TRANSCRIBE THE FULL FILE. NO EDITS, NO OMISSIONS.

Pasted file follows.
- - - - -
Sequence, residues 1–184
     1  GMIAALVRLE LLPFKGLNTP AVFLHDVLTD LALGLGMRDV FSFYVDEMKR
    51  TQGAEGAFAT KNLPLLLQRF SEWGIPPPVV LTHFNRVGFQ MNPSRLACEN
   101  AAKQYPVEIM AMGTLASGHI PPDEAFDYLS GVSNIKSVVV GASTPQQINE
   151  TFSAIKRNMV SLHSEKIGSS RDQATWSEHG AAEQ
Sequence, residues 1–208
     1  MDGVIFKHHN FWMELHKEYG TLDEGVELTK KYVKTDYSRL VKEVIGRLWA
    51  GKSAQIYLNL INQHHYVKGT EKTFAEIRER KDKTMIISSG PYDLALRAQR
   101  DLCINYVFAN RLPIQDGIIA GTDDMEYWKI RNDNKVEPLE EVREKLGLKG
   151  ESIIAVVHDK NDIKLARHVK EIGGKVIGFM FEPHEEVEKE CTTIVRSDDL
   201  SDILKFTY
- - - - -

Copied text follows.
Sequence, residues 1–184
     1  GMIAALVRLE LLPFKGLNTP AVFLHDVLTD LALGLGMRDV FSFYVDEMKR
    51  TQGAEGAFAT KNLPLLLQRF SEWGIPPPVV LTHFNRVGFQ MNPSRLACEN
   101  AAKQYPVEIM AMGTLASGHI PPDEAFDYLS GVSNIKSVVV GASTPQQINE
   151  TFSAIKRNMV SLHSEKIGSS RDQATWSEHG AAEQ
Sequence, residues 1–208
     1  MDGVIFKHHN FWMELHKEYG TLDEGVELTK KYVKTDYSRL VKEVIGRLWA
    51  GKSAQIYLNL INQHHYVKGT EKTFAEIRER KDKTMIISSG PYDLALRAQR
   101  DLCINYVFAN RLPIQDGIIA GTDDMEYWKI RNDNKVEPLE EVREKLGLKG
   151  ESIIAVVHDK NDIKLARHVK EIGGKVIGFM FEPHEEVEKE CTTIVRSDDL
   201  SDILKFTY